In the recent past we have seen more and more Kenyan owned banks embracing agency banking. Mobile banking is a service provided by financial institutions in cooperation with mobile phone operators. It allows customers with busy lives to conveniently do their banking using their phones anytime. It is about getting banking services to the unbanked, those who do not have bank access or bank accounts, and those who are at the bottom of the economic pyramid, often living in remote areas.
Agency Banking is governed and licensed by the Central Bank of Kenya as provided for in the Prudential Guidelines which clearly states that an institution may carry out banking services through an agent. The agent may be an entity running a commercial or non-commercial activity. This therefore means banks may engage varied businesses including, but not limited to , hardwares, mobile money agents, wholesalers and more.
Without a doubt you have noticed non-bank officers in the banking halls offering banking services like cash withdrawals, cash deposits, bill payments and account opening . These are agents that have been authorised and licensed by the banks to carry out banking services on the banks’ behalf.
On 2nd August 2017, the Daily Nation reported that Equity Bank had announced its plans to shut down 11ATM machines and instead invest more on their agency banking network. Equity Bank as a matter of fact pointed out that it is cheaper for them to engage the services of an agent than to maintain an ATM. Going by the financial results of the two key players in agency banking, KCB Bank and Equity Bank, you can not ignore that truly the future of banking is tied to agency banking. This is because of the non-funded income they are earning from agency banking. It would also be important to acknowledge that banks have gone on a retrenching spree coupled with closure of some branches as a reaction to the recent interest capping enforced by the Central Bank of Kenya.
Agency banking can be accessed through the use of either a phone or a PDQ machine at an agent. To use it through the phone a customer will need to first register for mobile banking with his bank to enable him initiate transactions while the agent is able to initiate cash deposits from his phone without the customer being registered. For withdrawals the customer will produce his card, which the agent will insert on the PDQ machine, then the customer will key in his pin just like he would do on the ATM machine.
Going my argument above it is clear that agency banking is a business that is not short termed. So how do you become an agent or what do you to become an agent? I have outlined the basic requirements for your perusal as sourced from both KCB Bank and Equity Bank who are the market leaders in agency banking:-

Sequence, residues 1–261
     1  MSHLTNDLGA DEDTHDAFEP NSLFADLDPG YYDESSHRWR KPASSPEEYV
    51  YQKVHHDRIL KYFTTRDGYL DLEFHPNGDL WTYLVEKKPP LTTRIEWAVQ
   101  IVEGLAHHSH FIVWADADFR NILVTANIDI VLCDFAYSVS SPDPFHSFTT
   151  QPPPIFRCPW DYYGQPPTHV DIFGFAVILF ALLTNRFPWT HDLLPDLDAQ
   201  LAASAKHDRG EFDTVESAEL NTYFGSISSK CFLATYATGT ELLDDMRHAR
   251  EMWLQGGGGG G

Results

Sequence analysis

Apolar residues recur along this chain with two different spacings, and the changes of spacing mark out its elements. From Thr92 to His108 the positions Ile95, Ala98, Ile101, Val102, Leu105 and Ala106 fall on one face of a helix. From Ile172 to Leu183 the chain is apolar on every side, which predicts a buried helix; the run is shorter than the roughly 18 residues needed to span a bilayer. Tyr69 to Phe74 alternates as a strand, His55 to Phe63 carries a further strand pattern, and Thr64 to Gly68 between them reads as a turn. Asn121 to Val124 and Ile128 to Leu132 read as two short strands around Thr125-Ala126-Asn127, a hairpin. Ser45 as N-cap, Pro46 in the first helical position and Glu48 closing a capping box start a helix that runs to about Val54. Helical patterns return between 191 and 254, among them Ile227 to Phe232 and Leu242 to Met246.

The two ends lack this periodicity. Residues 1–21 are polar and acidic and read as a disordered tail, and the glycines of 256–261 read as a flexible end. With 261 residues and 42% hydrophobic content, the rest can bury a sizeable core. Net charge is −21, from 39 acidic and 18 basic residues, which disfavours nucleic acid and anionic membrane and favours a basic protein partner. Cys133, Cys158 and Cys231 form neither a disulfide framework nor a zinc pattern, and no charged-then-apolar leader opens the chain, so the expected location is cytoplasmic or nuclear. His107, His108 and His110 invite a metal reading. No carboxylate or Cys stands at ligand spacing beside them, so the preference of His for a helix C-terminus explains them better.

- An existing business at the same location for about 6months.
- Valid business permits for the business i.e KRA PIN, Certificate of incorporation etc.
- Certificate of good conduct to vouch for your moral standing
- Current bank statements for the last 6months
- Credit Reference Bureau Report
- National ID of the applicant
- Sufficient cashflow to sustain the business
- Strategic location.
Armed with the above requirements you can now approach any of the banks offering agency banking to fill in application to become an agent. Once your application is approved you will be required to open at least two accounts by the bank, a float and a commission account. The float account acts as the contra account(mirror account if you like) for the transactions that you will be performing while the commission account is precisely what the names suggests, an account for the commission collected for every transaction. At this point it is important to inform you that you need not have an account with the bank beforehand to be their agent, a certified bank statement from any other will suffice. Minimum float requirement is atmost Kshs. 20,000.00.
Is it a lucrative business?Is it worth it? This is the question any business minded individual will ask themselves. The answer solely depends on you. Just like M-Pesa agency banking relies heavily on volumes, the more transactions you do the more the commission with the minimum commission per transaction being KShs.10.00. While most agents agree that the smaller banks pay better commissions they also admit that the bigger banks have more traffic. The top three busiest agency counters in no partivular order are KCB Bank, Equity Bank and Family Bank.
As an agent you need to be reliable and consistent by ensuring that customers get the services they need everytime. It is discouraging for you to always say you have no float whenever a customer wants to transact. Always ensure you have float by replenishing the float account, have cash to pay customers doing withdrawals. Again like M-Pesa withdrawals lead to an increase to float and attract higher commissions while deposits reduces your float.
Excellent customer experience coupled with professionalism and integrity will guarantee repeat visits and customer loyalty. This in turn has a spill effect of ensuring you get customer referrals. Some rogue agents have been reported and closed down because of cash suppression spoiling the reputation of agency banking. Having at least three or more agencies at the same shop will work to your advantage. Another thing is to make sure you can access mobile banking through both the mobile and the PDQ machine.
I believe I have tackled most questions that most people have on agency banking but am open to questions, suggestions and corrections on the comments or to my email: firstname.lastname@example.org
Akinyi, the Banker.